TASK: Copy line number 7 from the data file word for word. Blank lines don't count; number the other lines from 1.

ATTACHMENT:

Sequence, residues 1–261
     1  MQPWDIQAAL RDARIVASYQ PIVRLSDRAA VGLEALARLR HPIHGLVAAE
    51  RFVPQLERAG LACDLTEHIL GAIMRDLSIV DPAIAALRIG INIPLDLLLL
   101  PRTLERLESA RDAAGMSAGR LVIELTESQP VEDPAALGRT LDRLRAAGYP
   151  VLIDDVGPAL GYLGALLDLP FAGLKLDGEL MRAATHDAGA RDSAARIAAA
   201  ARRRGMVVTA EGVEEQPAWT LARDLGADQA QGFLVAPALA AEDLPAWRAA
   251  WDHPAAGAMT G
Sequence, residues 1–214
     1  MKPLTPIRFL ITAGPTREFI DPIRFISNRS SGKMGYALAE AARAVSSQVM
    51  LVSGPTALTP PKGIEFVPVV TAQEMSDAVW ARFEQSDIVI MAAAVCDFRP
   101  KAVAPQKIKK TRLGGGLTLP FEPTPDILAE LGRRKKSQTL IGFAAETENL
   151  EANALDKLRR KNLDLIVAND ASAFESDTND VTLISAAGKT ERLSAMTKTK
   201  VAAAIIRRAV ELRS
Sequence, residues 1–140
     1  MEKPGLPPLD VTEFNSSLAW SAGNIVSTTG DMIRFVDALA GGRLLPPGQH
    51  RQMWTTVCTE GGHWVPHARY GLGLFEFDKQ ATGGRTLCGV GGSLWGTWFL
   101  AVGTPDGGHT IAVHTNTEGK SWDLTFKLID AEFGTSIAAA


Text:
   251  WDHPAAGAMT G